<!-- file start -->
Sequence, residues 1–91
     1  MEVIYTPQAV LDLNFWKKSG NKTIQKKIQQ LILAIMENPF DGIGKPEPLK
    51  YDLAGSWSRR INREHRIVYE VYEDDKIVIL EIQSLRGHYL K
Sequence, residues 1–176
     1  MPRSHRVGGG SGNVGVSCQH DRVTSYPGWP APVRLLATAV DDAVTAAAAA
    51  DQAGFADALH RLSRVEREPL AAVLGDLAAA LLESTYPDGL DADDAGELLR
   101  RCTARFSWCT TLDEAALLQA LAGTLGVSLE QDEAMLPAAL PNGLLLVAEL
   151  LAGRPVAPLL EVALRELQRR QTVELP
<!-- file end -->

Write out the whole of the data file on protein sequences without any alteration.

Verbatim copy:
Sequence, residues 1–91
     1  MEVIYTPQAV LDLNFWKKSG NKTIQKKIQQ LILAIMENPF DGIGKPEPLK
    51  YDLAGSWSRR INREHRIVYE VYEDDKIVIL EIQSLRGHYL K
Sequence, residues 1–176
     1  MPRSHRVGGG SGNVGVSCQH DRVTSYPGWP APVRLLATAV DDAVTAAAAA
    51  DQAGFADALH RLSRVEREPL AAVLGDLAAA LLESTYPDGL DADDAGELLR
   101  RCTARFSWCT TLDEAALLQA LAGTLGVSLE QDEAMLPAAL PNGLLLVAEL
   151  LAGRPVAPLL EVALRELQRR QTVELP